Thought Catalog

Richard Grayson

Richard Grayson, a retired lawyer and college professor, is the author of With Hitler in New York (1979), I Brake for ...

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“I absolutely believe no university professor should condone homosexuality,” he said, “and I would do everything in my power to see that those professors are fired.” I told him I am a Broward Community College teacher and I condone homosexuality.

I got a letter from George. His last paragraph: “Never say that I told you this, but I’m not happy in marriage. There seems no way to talk about it. I feel sort of out of it now.” Poor George – and his poor wife. Maybe they rushed into things too fast.

Last night, while driving to Tamarac in a thunderstorm, I saw my first shooting star, one of the annual Perseid meteor showers. If you’re supposed to wish on a shooting star, I didn’t – because all the wishes that I wanted to come true have come true.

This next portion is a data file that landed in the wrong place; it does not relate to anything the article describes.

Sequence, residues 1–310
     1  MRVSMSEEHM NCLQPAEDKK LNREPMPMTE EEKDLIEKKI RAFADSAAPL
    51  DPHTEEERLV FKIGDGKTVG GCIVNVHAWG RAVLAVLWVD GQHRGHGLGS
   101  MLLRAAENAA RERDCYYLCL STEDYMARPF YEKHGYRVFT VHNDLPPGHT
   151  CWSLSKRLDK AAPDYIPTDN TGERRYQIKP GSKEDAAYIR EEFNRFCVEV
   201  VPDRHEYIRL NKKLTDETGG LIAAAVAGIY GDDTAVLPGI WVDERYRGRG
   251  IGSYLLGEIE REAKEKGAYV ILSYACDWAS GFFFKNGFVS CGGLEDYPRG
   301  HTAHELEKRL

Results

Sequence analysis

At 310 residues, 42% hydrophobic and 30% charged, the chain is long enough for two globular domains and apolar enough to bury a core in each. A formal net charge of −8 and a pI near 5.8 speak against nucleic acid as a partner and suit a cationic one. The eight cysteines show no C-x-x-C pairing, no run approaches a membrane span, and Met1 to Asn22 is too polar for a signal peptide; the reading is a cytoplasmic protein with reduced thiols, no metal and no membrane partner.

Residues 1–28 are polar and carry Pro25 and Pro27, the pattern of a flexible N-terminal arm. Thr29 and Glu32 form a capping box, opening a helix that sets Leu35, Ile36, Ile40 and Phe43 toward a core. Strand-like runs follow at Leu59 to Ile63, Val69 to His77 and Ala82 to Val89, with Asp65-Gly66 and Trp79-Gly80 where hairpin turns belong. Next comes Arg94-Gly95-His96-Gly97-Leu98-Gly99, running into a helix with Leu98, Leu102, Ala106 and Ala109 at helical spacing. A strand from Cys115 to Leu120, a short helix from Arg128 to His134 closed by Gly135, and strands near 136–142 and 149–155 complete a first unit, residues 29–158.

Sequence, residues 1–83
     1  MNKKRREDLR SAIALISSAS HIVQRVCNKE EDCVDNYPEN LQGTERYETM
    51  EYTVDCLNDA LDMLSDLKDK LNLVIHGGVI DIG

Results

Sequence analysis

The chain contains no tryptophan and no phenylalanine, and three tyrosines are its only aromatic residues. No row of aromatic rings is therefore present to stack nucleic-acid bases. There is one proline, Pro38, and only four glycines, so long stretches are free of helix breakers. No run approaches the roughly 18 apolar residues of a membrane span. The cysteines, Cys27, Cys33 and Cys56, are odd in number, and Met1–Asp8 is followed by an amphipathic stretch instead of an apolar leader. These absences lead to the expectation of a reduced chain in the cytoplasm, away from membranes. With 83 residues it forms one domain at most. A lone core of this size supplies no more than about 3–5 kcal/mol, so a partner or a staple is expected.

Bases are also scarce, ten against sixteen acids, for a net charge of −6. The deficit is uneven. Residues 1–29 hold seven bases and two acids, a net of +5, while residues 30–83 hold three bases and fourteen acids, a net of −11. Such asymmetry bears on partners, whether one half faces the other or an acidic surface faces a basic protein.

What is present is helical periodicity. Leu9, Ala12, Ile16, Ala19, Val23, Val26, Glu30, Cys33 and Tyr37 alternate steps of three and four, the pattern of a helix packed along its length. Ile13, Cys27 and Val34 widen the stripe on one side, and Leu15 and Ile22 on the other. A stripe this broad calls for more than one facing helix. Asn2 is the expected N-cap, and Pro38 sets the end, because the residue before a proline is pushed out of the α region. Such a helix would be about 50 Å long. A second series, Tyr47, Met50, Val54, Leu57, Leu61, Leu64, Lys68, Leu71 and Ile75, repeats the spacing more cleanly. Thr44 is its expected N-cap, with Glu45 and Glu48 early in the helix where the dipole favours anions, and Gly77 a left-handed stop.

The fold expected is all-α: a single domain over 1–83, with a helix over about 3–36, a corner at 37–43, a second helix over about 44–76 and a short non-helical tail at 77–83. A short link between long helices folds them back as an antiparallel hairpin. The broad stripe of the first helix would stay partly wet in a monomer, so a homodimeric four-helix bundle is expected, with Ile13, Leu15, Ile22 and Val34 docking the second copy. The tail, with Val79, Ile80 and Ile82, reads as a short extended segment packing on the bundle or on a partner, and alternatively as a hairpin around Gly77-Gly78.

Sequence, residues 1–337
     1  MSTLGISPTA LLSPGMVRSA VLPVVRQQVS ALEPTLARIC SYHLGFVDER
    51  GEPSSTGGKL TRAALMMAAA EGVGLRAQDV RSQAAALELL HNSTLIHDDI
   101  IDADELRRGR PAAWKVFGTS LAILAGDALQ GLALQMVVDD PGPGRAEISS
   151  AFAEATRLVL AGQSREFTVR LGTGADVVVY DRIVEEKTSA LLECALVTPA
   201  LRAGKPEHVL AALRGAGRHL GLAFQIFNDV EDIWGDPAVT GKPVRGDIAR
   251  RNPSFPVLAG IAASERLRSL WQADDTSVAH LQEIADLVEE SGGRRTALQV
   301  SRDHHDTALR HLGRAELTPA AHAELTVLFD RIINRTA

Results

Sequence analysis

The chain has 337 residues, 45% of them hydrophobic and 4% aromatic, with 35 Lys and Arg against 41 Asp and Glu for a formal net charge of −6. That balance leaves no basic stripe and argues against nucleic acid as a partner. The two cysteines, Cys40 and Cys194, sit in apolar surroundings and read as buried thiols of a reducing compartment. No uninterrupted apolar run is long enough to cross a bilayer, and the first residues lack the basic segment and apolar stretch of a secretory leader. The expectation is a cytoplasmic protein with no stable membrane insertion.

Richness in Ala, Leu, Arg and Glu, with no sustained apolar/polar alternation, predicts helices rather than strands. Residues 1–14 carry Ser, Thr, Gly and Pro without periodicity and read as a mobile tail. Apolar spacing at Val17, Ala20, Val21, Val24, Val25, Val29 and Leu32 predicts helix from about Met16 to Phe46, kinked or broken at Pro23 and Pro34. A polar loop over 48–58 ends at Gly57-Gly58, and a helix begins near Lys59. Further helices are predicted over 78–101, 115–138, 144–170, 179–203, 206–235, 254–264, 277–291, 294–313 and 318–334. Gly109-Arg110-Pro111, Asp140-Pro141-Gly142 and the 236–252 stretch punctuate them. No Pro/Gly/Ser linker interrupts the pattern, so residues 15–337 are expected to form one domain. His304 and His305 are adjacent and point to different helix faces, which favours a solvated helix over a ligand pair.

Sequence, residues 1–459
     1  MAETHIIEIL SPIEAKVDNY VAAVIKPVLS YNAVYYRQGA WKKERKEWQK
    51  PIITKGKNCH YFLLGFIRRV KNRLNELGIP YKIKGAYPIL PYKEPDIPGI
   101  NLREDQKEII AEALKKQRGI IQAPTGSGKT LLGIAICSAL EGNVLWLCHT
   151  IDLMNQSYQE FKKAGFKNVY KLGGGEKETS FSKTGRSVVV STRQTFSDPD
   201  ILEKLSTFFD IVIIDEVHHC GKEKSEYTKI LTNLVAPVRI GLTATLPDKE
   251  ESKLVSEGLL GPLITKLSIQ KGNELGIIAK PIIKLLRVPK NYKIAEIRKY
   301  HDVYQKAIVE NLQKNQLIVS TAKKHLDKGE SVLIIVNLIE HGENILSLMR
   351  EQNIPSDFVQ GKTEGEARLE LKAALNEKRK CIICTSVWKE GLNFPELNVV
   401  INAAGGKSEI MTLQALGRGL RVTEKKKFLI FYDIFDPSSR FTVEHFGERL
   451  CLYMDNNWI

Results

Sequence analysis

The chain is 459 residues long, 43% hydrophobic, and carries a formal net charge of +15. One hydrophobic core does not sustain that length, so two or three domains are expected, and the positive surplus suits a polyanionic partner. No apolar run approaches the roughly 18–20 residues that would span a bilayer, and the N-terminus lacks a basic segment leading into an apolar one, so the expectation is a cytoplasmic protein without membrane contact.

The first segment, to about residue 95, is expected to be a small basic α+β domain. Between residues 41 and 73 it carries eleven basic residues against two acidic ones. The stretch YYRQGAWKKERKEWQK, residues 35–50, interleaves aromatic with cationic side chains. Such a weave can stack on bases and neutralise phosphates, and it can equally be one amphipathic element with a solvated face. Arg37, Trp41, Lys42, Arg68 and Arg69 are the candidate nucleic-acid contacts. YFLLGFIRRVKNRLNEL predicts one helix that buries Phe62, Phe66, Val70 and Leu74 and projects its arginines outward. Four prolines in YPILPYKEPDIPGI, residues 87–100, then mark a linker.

I just realized that today’s entry closes a dozen years of this diary. A week ago I was flying from Washington to Fort Lauderdale; just about this time we were landing at our stopover in Tampa. Now, unlike then, I know where I’m going – or rather, staying

I feel I’m surrounded by supportive, loving friends here and that I’m returning to a hostile or indifferent world. . . Looking back, I know how much I’ve experienced here in Virginia and I see the last four weeks as a very special time in my life.

I took a long walk down Highway 29, which goes north to Charlottesville and the Virginia suburbs of Washington. Back at my studio, I wrote five pages of a story called “If Abortions Are Outlawed, Only Outlaws Will Have Abortions” in the voice of a 16-year-old boy.

He was slim, tanned, dressed in a t-shirt, straight-leg Levis and moccasins with no socks. I was attracted by his gentleness, his shy smile, the resiliency I could sense within him that I see in guys that are a bit effeminate.

We drank a liter of Tab and became nostalgic. At one point Ronna said to me something like, “But you don’t have any scars,” and I said, “Only –” and I stopped and then we both laughed because she knew what I was going to say and I knew that she knew and she knew that I knew that she knew.

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